Asleep behind the wheel?

Driver fatigue is often a factor in fatal collisions. This applies especially to people (truck and bus drivers and holiday-makers) driving long distances.

According to the Arrive Alive campaign, there are some ways to avoid driver fatigue:

  • For long trips, plan in advance so you know where you are going to take a break.
  • Take a break at least every two hours.
  • Plan to stay somewhere overnight if you are going on a long journey.
  • Share the driving - and make sure that you rest when you are not driving.
  • Try not to drive when you would normally be asleep (early mornings and late nights).
  • Look out for these signs when you are driving both long and short trips:
    • you keep yawning
    • your reactions slow down
    • you feel stiff
    • your eyes feel scratchy and your eyelids heavy
    • you find you are daydreaming
    • you notice that your car is wandering over the centre line or on to the edge of the road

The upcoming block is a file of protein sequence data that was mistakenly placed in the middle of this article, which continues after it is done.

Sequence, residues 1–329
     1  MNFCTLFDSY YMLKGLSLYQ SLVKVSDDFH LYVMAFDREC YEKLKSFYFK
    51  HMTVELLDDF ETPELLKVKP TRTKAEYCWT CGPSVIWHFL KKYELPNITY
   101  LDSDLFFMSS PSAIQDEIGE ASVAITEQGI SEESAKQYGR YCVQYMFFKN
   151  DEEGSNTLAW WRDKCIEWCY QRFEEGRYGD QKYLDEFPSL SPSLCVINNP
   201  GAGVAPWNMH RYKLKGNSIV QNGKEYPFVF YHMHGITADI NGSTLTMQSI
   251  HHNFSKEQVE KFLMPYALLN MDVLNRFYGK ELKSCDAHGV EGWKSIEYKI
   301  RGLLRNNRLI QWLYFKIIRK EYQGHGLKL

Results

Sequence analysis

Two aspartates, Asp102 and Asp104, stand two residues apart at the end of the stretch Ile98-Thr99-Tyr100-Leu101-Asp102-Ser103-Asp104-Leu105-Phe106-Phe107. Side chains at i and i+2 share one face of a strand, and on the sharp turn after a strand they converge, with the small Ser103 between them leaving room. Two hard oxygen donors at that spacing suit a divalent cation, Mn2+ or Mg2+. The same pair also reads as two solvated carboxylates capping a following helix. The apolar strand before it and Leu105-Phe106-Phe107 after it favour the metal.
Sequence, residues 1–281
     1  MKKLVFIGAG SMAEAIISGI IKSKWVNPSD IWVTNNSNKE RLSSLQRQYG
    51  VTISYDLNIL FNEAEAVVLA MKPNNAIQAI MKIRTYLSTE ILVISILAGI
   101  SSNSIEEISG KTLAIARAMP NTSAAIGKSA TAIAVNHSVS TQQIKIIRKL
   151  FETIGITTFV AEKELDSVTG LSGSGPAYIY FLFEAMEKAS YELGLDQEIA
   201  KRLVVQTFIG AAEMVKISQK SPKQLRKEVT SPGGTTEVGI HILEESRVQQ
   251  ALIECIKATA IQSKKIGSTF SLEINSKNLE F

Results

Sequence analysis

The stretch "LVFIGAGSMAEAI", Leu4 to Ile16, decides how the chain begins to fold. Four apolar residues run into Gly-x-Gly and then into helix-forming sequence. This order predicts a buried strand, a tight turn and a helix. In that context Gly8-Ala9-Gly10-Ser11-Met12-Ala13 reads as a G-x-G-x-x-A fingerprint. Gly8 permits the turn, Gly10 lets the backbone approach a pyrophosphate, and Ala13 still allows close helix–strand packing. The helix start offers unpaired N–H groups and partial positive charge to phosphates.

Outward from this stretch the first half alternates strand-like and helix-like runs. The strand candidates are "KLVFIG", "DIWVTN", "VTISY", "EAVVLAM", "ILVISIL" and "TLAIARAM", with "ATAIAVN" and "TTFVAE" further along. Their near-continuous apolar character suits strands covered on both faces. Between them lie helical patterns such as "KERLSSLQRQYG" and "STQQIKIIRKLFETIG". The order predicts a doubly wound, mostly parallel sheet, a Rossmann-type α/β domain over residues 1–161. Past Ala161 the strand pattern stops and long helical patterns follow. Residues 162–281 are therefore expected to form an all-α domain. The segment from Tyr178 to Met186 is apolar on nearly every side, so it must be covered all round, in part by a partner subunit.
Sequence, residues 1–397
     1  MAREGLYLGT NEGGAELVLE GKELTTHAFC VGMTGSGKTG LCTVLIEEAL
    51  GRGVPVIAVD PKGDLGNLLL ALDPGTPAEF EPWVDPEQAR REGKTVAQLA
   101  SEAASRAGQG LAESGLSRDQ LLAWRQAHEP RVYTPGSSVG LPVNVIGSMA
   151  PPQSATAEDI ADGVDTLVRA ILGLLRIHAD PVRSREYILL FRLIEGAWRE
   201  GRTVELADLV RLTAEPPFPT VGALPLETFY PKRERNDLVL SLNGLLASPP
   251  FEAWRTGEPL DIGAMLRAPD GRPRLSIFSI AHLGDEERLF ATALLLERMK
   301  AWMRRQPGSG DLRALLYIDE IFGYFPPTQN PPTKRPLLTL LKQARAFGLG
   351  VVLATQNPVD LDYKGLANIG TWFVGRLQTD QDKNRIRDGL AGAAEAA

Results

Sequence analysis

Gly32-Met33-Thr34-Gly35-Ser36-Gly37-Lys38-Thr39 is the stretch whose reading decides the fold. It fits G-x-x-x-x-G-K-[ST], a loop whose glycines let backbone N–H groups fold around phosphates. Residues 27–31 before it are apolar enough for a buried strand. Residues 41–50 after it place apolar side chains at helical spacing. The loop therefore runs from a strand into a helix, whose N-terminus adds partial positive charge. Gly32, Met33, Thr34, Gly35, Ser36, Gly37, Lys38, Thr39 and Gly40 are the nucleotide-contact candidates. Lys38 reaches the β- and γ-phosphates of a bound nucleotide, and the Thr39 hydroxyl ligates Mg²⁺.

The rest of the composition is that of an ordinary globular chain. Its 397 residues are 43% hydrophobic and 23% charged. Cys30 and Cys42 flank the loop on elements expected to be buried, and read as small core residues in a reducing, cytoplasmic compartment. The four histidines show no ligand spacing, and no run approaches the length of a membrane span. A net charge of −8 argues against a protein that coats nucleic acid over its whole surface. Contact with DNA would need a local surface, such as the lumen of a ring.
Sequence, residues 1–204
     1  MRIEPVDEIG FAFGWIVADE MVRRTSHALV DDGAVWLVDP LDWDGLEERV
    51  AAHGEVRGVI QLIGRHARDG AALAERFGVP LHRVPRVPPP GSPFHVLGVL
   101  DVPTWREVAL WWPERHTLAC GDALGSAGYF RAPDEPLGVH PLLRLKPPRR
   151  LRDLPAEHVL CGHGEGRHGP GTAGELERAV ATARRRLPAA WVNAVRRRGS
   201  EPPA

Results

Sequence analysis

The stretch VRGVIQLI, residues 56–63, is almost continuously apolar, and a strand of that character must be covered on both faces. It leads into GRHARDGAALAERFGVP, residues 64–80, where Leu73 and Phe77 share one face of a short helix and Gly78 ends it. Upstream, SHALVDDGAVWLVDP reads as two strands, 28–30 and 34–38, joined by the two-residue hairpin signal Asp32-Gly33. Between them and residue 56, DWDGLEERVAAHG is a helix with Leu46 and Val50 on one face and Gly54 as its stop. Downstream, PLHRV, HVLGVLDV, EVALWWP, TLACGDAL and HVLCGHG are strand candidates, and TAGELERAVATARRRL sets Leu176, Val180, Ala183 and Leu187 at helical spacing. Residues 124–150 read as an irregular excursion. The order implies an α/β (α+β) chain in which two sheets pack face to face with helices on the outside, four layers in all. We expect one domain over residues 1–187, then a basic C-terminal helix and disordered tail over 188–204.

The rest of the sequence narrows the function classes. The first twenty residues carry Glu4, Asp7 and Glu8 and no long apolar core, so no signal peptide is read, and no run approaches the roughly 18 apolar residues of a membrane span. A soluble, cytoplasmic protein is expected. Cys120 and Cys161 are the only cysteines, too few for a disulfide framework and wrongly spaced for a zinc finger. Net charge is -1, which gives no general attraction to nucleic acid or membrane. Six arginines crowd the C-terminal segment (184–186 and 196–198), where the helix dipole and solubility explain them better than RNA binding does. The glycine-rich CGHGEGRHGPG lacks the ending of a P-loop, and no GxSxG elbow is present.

• Don't drink and drive. Not only does alcohol severely impair your driving ability, it also acts as a depressant. Just one drink can induce fatigue.
  • Do not strain yourself by driving for hours on end. Stop frequently (at least every 200km), get some exercise and have a light snack. If you're too tired to drive, stop and get some rest.
  • Avoid driving at night as most people are programmed to sleep when it's dark, and sleep becomes irresistible late at night. Avoid driving during the "low" period between 2 a.m. and 6 a.m.
  • Drink coffee or an energy drink to promote short-term alertness if needed, but remember that it takes about 30 minutes for caffeine to enter the bloodstream.

(Sources: Arrive Alive)

(, September 2007)

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